"So Walker's position is that marriage is, by definition, to be consecrated between men and women only. This whole approach has its curiosities, which are easily missed by over-familiarity. One of the queer features of the marriage debate, whether here or over the water, is how vehemently definitions are deployed by those hostile to gay marriage. In our times, generally speaking, when we are talking about moral positions, this is classically denoted by the use of an extensive evaluative vocabulary - ought, should, I believe. We take for granted a gulf between is and should. Interestingly, often debates about marriage are couched not in these sorts of evaluative terms at all - but deploy the vocabulary of facts - marriage is X, Y and not Z - as if the concept was an object of knowledge, of which one could gain a true or false apprehension, rather than an evaluative matter exercising normative judgement."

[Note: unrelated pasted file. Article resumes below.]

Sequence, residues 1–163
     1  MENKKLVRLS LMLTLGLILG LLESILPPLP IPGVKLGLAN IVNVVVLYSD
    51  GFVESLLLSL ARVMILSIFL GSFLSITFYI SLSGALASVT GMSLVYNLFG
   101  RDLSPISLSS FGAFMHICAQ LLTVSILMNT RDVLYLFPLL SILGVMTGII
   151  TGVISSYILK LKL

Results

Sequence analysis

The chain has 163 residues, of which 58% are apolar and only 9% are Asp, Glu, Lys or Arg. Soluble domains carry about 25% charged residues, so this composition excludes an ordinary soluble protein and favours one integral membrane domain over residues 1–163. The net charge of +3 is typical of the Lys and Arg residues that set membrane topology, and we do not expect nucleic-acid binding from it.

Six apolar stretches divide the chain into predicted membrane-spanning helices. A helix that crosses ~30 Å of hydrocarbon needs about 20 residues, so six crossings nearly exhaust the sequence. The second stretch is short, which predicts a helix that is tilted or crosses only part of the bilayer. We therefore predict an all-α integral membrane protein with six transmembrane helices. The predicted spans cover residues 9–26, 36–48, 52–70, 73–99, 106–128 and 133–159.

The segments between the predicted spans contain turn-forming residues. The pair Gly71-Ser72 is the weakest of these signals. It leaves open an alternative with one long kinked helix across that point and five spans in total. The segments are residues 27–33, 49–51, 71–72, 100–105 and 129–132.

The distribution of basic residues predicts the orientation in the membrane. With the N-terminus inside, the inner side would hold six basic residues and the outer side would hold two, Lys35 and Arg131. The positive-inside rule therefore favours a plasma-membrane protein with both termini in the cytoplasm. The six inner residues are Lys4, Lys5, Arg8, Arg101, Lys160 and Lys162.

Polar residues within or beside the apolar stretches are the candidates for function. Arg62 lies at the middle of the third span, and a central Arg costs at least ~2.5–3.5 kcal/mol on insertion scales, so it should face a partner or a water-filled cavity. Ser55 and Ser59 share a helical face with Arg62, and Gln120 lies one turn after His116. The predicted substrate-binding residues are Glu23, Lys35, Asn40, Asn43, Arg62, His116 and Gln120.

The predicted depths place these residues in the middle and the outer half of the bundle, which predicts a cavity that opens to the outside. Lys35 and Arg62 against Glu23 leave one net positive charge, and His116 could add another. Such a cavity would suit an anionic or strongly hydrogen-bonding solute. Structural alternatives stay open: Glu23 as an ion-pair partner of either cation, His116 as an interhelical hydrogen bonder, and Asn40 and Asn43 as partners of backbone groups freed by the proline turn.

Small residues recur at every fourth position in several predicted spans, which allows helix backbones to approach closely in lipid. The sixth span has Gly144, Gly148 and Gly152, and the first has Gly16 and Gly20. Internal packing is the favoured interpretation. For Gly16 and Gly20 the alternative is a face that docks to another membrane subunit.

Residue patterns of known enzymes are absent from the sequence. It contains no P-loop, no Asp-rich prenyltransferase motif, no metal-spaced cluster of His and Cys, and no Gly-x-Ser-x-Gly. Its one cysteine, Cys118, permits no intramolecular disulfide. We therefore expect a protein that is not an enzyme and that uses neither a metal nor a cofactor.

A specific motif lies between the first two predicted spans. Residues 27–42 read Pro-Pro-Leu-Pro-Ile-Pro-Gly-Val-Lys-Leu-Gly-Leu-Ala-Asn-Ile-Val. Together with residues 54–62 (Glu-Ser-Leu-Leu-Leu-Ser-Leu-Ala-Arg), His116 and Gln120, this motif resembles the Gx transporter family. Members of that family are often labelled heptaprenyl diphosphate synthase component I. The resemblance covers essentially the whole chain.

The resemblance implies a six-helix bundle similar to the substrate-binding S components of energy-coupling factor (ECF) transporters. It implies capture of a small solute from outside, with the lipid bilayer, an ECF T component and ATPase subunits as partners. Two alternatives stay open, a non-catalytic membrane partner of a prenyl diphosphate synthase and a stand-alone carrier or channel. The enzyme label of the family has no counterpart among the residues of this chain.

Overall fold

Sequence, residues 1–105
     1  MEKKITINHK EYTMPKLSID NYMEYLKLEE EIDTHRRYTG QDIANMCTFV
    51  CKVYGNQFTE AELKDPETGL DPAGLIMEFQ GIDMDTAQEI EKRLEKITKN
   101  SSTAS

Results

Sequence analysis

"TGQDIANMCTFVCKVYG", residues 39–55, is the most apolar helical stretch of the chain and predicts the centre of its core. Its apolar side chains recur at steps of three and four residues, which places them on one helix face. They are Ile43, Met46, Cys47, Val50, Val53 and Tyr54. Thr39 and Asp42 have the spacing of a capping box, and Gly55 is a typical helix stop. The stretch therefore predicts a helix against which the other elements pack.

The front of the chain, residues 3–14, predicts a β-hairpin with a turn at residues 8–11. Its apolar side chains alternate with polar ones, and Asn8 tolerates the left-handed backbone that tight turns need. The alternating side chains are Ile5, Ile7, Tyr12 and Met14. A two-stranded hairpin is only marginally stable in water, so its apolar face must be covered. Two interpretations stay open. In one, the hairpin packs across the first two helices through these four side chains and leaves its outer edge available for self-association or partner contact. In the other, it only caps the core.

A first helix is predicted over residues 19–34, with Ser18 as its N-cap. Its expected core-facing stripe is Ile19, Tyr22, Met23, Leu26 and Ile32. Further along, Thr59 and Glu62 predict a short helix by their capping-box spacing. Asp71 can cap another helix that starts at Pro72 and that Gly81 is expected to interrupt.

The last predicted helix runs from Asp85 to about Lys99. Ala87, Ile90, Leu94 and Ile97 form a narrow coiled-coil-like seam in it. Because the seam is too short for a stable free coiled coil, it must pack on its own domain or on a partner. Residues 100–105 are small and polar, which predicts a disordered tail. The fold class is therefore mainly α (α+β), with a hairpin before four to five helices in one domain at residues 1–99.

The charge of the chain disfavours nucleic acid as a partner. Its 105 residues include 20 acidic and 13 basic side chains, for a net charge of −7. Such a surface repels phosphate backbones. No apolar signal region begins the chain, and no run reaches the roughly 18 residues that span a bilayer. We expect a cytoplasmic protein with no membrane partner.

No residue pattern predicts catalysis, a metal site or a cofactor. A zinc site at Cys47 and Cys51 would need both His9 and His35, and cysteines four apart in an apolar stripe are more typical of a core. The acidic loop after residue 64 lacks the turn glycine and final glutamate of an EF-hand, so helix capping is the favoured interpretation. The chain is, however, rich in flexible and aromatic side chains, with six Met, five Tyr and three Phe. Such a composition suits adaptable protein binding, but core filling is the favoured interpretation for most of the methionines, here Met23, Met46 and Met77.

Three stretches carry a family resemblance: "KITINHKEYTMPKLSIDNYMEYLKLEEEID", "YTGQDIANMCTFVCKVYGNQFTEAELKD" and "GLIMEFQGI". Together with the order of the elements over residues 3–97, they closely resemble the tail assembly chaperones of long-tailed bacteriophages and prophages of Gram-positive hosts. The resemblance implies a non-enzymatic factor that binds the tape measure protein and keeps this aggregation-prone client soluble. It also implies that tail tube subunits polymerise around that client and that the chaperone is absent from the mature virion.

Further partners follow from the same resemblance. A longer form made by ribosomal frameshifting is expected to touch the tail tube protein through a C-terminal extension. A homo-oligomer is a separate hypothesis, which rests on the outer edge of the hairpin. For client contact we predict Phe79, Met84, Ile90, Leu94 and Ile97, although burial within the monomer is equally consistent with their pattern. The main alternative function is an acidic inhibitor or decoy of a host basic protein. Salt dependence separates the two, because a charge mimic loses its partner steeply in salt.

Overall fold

One of the interesting paradoxes about this is that folk on the other side of the argument, supporting equalised marriage, will often find themselves making the same sort of foundational case as the religious figures whose arguments they will likely find intolerable. Speaking from my own godless perspective, one reason why this recent spate of articles are so inflammatory is because they strike at the roots - and reveal - the incompatibilities separating the world views being articulated. That is what will make discussion on same-sex marriage, as with assisted dying, so difficult. Avoid the temptation to see their arguments as the polite proxy for private, disavowed but keenly felt homophobia. Take these three men at the words. All three incorporate marriage into a divinely ordered universe with an immanent logic ascertainable to human reason. Those are propositions which I, for one, don't accept. Many won't. For strategic reasons, the Government will be keen to present their conclusion as a synthesis of contending positions. This is well in line with an idea of the (in areas like this, basically implausible) liberal public sphere. In reality, however, the thorny question persists. How can we even enter into a meaningful conversation - or hell mend us, a deliberation - with religions about conceptions of marriage, when our understandings of knowledge and the nature of reality are so basically incompatible?